Celiac disease

  • Poor-weight-for-height
Renal disease (chronic renal failure)
  • Mineral bone disorder
  • Abnormalities in the GH/IGF-1 system
  • Chronic anemia due to reduced EPO production
Pulmonary disease Asthma
  • Rate of short stature in atopic children 2–5 times higher than normal
Cystic fibrosis
Cardiac disease and chronic oxygen deficiency
  • Anorexia and increased energy requirements
Rheumatological diseases (juvenile arthritis)
  • Stiffening, deformation of joints and growth retardation
Metabolic diseases Diabetes mellitus type 1
  • Severe glucosuria → caloric deficit
  • Excessive thirst and urination
  • Abnormal epiphyseal development, and bowing of the extremities
Immunologic diseases HIV

Turner syndrome

Down syndrome

Williams syndrome

Fanconi syndrome

Noonan syndrome

Skeletal dysplasias (achondroplasia, osteogenesis imperfecta)

  • See respective links for more information
  • Varying degrees of skeletal abnormalities with short stature
Psychosocial and psychological
  • Signs of neglect: poor growth or weight gain, poor hygiene, poor record of school attendance and medical care, abnormal parent–child interaction
  • Behavioral changes: e.g., apathy, anxiety, inattentiveness, aggression
  • Also see child abuse.



  • Evaluation of possible causes (see “Causes of short stature” above)
    • Family history
    • Midparental height (target height)
      • = [mother's height in cm + (father's height in cm - 13)]/2
      • = [father's height in cm + (mother's height in cm + 13)]/2
    • CBC, differential blood count, ESR
    • Thyroid function tests (see hypothyroidism)
    • Renal function tests and urinalysis
    • Screening for GH deficiency (see hypopituitarism)
    • Hormone profile to assess puberty status (LH, FSH, estrogen/testosterone)
    • Genetic karyotyping
  • X-ray
    • Anterior posterior image of left hand and wrist
    • Bone age is determined and adult height is predicted by comparing x-ray images of the hand to images of bones in a standard atlas of bone development, which is based on data from large numbers of other children of the same age and gender.



Management depends on the underlying cause:

  • Reassurance that short stature is normal (familial, constitutional) in most cases
  • Discontinue growth-inhibiting medication
  • Consider hormone substitution in children with delayed puberty and growth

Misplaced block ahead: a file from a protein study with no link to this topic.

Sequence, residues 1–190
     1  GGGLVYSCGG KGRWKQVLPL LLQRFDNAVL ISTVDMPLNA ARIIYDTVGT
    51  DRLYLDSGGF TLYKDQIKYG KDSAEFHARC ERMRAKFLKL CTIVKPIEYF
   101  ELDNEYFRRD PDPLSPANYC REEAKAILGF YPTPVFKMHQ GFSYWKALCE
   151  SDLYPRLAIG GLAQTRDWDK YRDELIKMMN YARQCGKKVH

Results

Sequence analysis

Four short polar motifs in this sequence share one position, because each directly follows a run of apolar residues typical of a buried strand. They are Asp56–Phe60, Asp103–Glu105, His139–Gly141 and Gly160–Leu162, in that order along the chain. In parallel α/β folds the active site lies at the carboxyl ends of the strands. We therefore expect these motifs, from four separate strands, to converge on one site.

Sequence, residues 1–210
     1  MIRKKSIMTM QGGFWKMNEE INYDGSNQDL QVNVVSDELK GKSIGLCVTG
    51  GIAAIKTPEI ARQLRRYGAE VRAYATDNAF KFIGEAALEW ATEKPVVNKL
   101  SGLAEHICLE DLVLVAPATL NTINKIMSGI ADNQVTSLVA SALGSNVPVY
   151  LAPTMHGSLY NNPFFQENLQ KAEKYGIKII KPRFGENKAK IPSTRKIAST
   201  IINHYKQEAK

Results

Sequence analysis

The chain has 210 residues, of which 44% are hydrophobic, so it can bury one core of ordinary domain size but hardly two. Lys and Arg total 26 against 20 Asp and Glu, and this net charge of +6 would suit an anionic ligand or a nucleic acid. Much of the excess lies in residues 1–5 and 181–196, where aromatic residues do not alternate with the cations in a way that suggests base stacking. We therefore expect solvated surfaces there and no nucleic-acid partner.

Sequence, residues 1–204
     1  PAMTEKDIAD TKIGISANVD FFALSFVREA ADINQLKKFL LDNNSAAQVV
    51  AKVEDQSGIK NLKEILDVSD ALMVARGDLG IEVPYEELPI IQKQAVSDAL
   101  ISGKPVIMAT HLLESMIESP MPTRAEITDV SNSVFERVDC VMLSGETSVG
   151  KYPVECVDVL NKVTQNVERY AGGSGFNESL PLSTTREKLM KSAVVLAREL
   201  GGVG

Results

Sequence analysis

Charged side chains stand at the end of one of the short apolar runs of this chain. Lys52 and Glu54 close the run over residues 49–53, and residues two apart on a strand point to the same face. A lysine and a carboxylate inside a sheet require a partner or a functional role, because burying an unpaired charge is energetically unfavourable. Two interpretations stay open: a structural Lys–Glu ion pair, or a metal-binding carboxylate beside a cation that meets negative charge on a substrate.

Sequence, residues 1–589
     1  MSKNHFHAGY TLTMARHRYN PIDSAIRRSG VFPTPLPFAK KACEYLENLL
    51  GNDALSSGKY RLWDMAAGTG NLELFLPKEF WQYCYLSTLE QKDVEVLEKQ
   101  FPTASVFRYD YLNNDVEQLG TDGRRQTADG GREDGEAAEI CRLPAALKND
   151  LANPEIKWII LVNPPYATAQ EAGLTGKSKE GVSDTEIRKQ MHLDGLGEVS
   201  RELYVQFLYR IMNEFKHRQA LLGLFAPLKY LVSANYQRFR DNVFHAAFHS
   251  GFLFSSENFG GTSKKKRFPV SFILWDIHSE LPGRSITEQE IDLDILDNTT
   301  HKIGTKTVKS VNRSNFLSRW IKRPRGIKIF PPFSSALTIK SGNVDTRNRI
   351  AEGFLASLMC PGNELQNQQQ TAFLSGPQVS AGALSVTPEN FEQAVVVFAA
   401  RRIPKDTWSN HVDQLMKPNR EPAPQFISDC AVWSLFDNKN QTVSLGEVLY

• GH supplementation in cases of GH deficiency, idiopathic short stature, or Turner syndrome
  • Levothyroxine supplementation in hypothyroidism


Skeletal dysplasias


Osteogenesis imperfecta (“brittle bone disease”)

  • Etiology: : rare, autosomal dominant mutation in COL1A1 or COL1A2 genes; decreased formation of hydrogen and disulfide bonds between type 1 preprocollagen molecules → decreased triple helix formation → defective type I collagen synthesis → impaired bone matrix formation (osteogenesis)
  • Clinical features
    • Growth retardation
    • Skeletal deformities, brittle bones, and recurrent fractures from minimal trauma; ; fractures may occur during childbirth
    • Blue sclerae
    • Progressive hearing loss
    • Brittle, opalescent teeth (dentinogenesis imperfecta)
    • Ligamentous laxity and joint hypermobility
    • Type II: most severe form; lethal perinatally or within the first year
  • Diagnostics
    • DNA test
    • Ultrasound before birth and radiographic skeletal survey afterwards (fractures, callus, deformities)
    • Bone or skin biopsy to examine collagen
  • Therapy
    • No cure available
    • IV bisphosphonates; to increase cortical thickness and to decrease the risk of fractures
    • Surgery for functional improvement
    • Walking aids; wheelchairs; devices to improve patient's mobility and function
    • In the future: hematopoietic stem cell therapy; gene therapy

In osteogenesis imperfecta, patients cannot BITE: Bones (recurrent fractures), I for 'eye' (blue sclerae), Teeth (dental abnormalities), Ears (hearing loss).